3. A Will Won’t Protect You From Estate Taxes. Even though the vast majority of Americans will never have to worry about paying estate taxes, I’m still amazed at the number of people with sizable estates that have done no planning. Using an estate planning attorney to help you draft your estate plan can help you to ensure that your loved ones will never have to worry about estate taxes unless you launch Snapchat and get an $800 million bonus for taking the company public.

Is a DIY Will Ever Ok?

Believe it or not, there are situations where a DIY Will might be the right choice for you. However, you must understand the implications when you decide to draft your own Will. You must understand that you drafting an important legal document without any legal advice or guidance. So take this advice with a grain of salt.

If all of the following facts apply in your situation, you may be able to get by without hiring a lawyer… MAYBE.

  1. You aren’t married.
  2. You don’t have any children.
  3. You don’t own a home.
  4. You have less than $25,000 in investable assets, including retirement funds.
  5. You don’t own any life insurance.

You must be able to state affirmatively that all of the above apply to you. If even one of the above statements doesn’t describe you, i.e. you are married or you do have a home or children, then you should think carefully about whether you can really draft up your own Will.

And even if all of the above statements do apply to you, I would still encourage you to talk to an estate planning lawyer to get all your questions answered before you move forward.

Why You Should Hire an Estate Planning Lawyer to Draft Your Will

Keep in mind that when you decide to purchase a cheap online form to help you draft your own Will, there are a number of risks to doing so. Here are just a few:

Every State Has a Different Set of Rules. What will fly in North Carolina (no pun intended) is vastly different than what is acceptable in Florida or California. Each state has its own unique set of laws regarding what should be written into your Will and how the Will should be properly executed. If you execute your Will incorrectly, then it could be deemed invalid or cause other problems.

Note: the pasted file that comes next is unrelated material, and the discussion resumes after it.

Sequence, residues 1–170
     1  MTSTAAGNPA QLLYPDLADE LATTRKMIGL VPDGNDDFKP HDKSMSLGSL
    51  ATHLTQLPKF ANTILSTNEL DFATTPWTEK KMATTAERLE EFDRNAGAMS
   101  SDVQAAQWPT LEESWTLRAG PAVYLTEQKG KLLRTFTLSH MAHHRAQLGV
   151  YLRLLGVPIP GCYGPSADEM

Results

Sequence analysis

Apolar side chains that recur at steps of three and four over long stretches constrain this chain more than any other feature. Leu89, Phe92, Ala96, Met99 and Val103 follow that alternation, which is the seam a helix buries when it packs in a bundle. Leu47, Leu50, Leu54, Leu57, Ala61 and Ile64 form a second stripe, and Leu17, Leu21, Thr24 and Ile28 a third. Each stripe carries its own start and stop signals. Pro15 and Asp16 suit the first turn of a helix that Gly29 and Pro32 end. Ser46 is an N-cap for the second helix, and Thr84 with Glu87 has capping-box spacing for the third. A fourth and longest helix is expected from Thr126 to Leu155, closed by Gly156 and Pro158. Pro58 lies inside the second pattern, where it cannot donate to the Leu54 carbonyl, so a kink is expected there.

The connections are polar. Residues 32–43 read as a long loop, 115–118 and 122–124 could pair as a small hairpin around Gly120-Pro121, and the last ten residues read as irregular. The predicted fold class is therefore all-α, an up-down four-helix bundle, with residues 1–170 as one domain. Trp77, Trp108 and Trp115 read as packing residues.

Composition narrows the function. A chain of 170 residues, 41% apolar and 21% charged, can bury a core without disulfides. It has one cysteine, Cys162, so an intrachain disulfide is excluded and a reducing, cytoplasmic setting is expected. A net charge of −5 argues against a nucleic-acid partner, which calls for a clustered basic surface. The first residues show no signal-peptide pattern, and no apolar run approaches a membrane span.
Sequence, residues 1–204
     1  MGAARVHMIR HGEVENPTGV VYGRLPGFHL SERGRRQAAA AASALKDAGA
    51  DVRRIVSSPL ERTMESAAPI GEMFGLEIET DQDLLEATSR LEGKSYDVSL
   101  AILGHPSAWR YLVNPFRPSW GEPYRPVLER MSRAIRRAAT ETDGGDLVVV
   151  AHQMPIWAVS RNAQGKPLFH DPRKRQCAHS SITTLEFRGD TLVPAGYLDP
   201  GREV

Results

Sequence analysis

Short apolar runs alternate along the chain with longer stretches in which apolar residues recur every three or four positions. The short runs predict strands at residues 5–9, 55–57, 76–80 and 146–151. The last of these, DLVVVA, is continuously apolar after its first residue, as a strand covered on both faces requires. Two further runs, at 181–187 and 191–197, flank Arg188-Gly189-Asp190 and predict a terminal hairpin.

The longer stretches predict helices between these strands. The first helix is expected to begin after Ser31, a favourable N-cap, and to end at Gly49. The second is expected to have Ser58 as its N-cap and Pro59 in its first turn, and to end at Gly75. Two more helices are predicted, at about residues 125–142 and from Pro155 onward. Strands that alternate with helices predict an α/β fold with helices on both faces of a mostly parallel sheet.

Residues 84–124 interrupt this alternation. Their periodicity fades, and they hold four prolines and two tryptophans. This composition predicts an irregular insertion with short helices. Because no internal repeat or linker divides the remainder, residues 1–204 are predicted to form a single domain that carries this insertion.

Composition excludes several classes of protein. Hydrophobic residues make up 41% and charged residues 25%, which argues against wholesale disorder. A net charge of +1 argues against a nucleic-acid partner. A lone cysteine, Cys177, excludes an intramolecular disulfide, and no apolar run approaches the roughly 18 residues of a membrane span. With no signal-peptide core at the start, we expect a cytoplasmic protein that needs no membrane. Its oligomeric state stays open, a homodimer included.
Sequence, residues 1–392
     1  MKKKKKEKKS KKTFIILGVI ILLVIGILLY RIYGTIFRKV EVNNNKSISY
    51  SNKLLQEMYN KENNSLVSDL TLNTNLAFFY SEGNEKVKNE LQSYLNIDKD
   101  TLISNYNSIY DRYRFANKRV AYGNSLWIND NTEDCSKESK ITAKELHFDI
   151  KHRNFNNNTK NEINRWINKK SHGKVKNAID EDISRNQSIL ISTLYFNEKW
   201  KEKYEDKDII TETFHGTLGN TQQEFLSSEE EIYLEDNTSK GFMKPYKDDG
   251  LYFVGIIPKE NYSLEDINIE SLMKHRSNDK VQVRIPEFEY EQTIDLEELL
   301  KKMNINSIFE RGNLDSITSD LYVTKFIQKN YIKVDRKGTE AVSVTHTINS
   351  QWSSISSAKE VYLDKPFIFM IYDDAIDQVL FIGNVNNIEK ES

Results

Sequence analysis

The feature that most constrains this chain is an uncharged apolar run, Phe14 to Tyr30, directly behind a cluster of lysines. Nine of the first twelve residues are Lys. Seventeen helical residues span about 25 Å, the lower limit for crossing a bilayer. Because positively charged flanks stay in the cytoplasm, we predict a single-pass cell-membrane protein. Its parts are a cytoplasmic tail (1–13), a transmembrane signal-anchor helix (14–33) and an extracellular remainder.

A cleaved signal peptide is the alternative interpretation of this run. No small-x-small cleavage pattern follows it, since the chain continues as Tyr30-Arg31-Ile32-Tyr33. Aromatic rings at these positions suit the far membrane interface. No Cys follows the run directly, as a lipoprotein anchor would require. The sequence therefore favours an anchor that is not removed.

A DIY Will May Not Dispose of Your Entire Estate. A “fill in the blank” form Will may not properly take into account everything you own. If that is the case, then you may end up with a partial intestate estate, which is what you were trying to avoid by executing a Will in the first place!

You Don’t Have Any Legal Guidance. As you start to work on your own Will, it is very possible, in fact highly likely, that you will have questions about how to properly fill out whatever form you find online. A licensed estate planning attorney can not only help you to answer these questions but can also suggest options that you may not have considered and which may work out better for your family.

You Are Not Protected in the Event of Incapacity. When you work with an estate planning lawyer, you will get all the documents you need to make sure your family and loved ones are protected in the event of your death OR incapacity. With a DIY Will, you might get some peace of mind that you have handled your affairs, but chances are you will miss something along the way.

You Increase the Risk that Your Will Could Be Challenged. A Will challenge is far more likely with a DIY Will than with a lawyer-drafted Will. This is because you are more likely to make mistakes that could invalidate the Will. If a Will challenge is even a remote possibility with your family, then this will cost your family time, money and bring your estate proceedings to a screeching halt.

The Cost of Not Having a Proper Will

The cost of money and time to your loved ones can be tremendous if your Will does not properly convey your wishes. At The Hart Law Firm, we only work with people who stand to spend less money now on planning than it would reasonably cost their families to deal with their estate after they are gone if no planning were done.

Proper estate planning is a tremendous gift to your loved ones. And even though you will never see the benefits, your spouse and children most definitely will.

Contact an NC Estate Planning Lawyer

If you are thinking about preparing a DIY Will but you would like to discuss your situation with an estate planning lawyer first, we are happy to help you. You may reach our office by calling (919) 460-5422 or fill out our online contact form.